Summary of DT50 values for esters of phenoxy acids

Ester of phenoxy acid

Medium water type

pH

Temperature [°C]

DT50

Reference

Methyl ester of 2,4-D

Redistilled water

6

28

44 dni (calculated)

Zepp et al. (1975)

Methyl ester of 2,4-D

Redistilled water

9

28

1.1 h (calculated)

Zepp et al. (1975)

2-Butoxyethyl ester of 2,4-D

Redistilled water

6

28

26 dni (calculated)

Zepp et al. (1975)

2-Butoxyethyl ester of 2,4-D

Redistilled water

9

28

0.6 h (calculated)

Zepp et al. (1975)

2-Ethylhexyl ester of 2,4-D

Sterile water

5

25

99.7 dni

Concha et al. (1993)

2-Ethylhexyl ester of 2,4-D

Sterile water

7

25

48.3 dni

Concha et al. (1993)

2-Ethylhexyl ester of 2,4-D

Sterile water

9

25

52.2 dni

Concha et al. (1993)

2-Ethylhexyl ester of MCPA

Sterile buffer solution

5

n.r.

No hydrolysis

US EPA (2004)

2-Ethylhexyl ester of MCPA

Sterile buffer solution

7

n.r.

No hydrolysis

US EPA (2004)

2-Ethylhexyl ester of MCPA

Sterile buffer solution

9

n.r.

< 117 h

US EPA (2004)

n.r. not reported

Photodegradation

Organic compounds undergo both direct and indirect photodegradation in water (Beltman et al. 2015). Direct photodegradation takes place when molecules absorb radiation and are promoted to an excited state. The transition to an excited state initiates homolysis, heterolysis, or photoionisation reactions which lead to compound degradation (Burrows et al. 2002). The presence of aromatic structures in a phenoxy acid molecule determines a compound’s ability to selectively absorb radiation in the short wavelength range (λ < 290 nm). According to Vione (2015), neutral and anion forms of MCPA are characterized by a different mechanism of direct photodegradation (Fig. 2).
Fig. 2

Direct photolysis processes of the protonated and deprotonated forms of MCPA (Vione 2015)

It should be mentioned that solar radiation reaching the Earth’s surface comprises UV radiation, primarily in the range of 290 to 400 nm (including 98% of UVA radiation with a wavelength of 315–400 nm), and UV-visible radiation (Mrzyczek 2012). Therefore, direct photodegradation of phenoxy acids exposed to solar radiation in the natural environment is barely effective (Alhousari 2011).

Indirect photodegradation can proceed via two mechanisms. The first mechanism is the oxidation of the compound by highly reactive particles (e.g., singlet oxygen 1O2 or hydroxyl radicals ·OH) which are generated when another radiation-absorbing substance (the photosensitizer) reacts with water and dissolved oxygen. The photosensitizer can absorb radiation with a longer wavelength than the degraded compound. The reactions involving the photosensitizer can produce a hydroxyl radical with a high potential to oxidize compounds containing an aromatic ring. In natural water bodies, hydroxyl radicals are generated in the presence of optically active dissolved organic matter (chromophoric dissolved organic matter (CDOM)) and NO2, NO3, and Fe3+ ions (Alhousari 2011). CDOM includes dissolved organic matter (DOM) compounds with particle size below 0.45 μm that interact with solar light. As suggested by Vione et al. (2006, 2010a), CDOM is more involved in the generation of ·OH than NO2 and NO3 radicals. The effectiveness of degradation can be influenced by competitive absorption of UV radiation by NO2, NO3, and Fe3+ and CDOM as well as by the compounds’ ability to scavenge hydroxyl radicals (Alhousari 2011; De Laurentiis et al. 2014).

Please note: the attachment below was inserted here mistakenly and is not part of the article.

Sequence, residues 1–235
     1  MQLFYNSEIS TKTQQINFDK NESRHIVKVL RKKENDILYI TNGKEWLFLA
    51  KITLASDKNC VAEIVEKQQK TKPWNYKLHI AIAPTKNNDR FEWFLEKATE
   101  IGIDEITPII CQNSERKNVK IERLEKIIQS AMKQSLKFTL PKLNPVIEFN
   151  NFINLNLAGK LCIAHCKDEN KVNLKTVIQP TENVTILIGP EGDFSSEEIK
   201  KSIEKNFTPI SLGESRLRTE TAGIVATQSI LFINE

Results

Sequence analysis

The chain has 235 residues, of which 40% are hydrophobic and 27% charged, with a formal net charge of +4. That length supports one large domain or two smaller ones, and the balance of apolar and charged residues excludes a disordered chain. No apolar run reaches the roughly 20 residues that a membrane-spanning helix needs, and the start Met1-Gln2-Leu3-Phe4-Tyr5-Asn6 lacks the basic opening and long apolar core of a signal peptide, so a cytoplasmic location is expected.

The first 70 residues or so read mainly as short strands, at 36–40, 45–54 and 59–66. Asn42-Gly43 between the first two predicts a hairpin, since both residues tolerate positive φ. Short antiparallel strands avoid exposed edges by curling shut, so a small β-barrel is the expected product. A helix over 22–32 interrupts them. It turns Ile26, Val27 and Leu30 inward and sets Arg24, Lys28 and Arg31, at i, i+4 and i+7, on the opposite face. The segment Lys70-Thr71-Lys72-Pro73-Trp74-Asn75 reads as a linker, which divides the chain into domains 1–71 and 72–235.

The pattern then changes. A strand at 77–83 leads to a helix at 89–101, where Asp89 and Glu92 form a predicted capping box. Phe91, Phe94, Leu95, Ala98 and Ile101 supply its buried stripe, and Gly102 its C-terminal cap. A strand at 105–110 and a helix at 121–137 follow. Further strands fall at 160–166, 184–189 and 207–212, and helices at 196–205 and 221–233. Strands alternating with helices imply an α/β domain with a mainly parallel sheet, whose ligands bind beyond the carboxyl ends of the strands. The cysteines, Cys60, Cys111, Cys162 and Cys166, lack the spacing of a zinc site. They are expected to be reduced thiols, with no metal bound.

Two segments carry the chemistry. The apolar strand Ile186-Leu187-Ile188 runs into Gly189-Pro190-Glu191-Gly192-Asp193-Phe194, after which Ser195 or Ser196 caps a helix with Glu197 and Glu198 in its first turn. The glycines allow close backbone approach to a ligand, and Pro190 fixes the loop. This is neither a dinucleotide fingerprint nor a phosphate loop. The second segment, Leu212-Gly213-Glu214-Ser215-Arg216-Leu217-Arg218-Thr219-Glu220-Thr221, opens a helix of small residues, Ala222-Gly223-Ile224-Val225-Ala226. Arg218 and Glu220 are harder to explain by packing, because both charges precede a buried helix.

In the surface layers of marine and inland waters, iron (III) complexes play an important role in the generation of hydroxyl radicals. In an aqueous environment, Fe3+ ions are hydrolyzed already at pH 3. The formation of Fe(OH)2+, Fe(OH)2+, Fe2(OH)24+, and Fe(OH)3 complexes is determined by reagent concentrations and the pH of the medium. Fe(OH)2+ ions are the most photosensitive Fe3+ hydroxy complexes. Fe(OH)2+ is reduced and a hydroxyl radical is generated under exposure to UV radiation (Zepp et al. 1992; Brillas et al. 2009; Brillas 2014):
$$ \mathrm{Fe}{\left(\mathrm{OH}\right)}^{2+}+\mathrm{h}\upnu \to {\mathrm{Fe}}^{2+}+{}^{\cdotp}\mathrm{OH} $$

The photoreduction of Fe3+ to Fe2+ is a part of the photo-Fenton process (UV/H2O2/Fe2+ system). The other two reactions of the photo-Fenton process, i.e., catalytic decomposition of H2O2 induced by Fe2+ ions (classical Fenton reaction) and H2O2 photolysis, generate hydroxyl radicals (Klamerth et al. 2013; Clarizia et al. 2017). Fe(OH)3 and other insoluble iron species can be precipitated at high pH; therefore, the Fenton reaction can proceed in water with pH < 4 (Bokare and Choi 2014). In natural water bodies, H2O2 is generated through disproportionation of superoxide anion radicals (·O2) which are a product of O2 reduction by photoexcited DOM (O’Sullivan et al. 2005). Radical generation in the Fenton process occurs mainly in inland waters that are more abundant in H2O2 and Fe3+ and Fe2+ ions than marine waters (Mopper and Zhou 1990). The main intermediates from Fenton oxidation of phenoxy acids are chlorophenols. For 2,4-D, 2,4-dichlorophenol, 2- and 4-chlorophenol, and 4-chlorocatechol were identified by Sanchis et al. (2013) and Serra-Clusellas et al. (2018) upon Fenton reaction. During the MCPA oxidation, 2- and 4-chlorophenol and 4-chlorocatechol were also formed (Sanchis et al. 2013).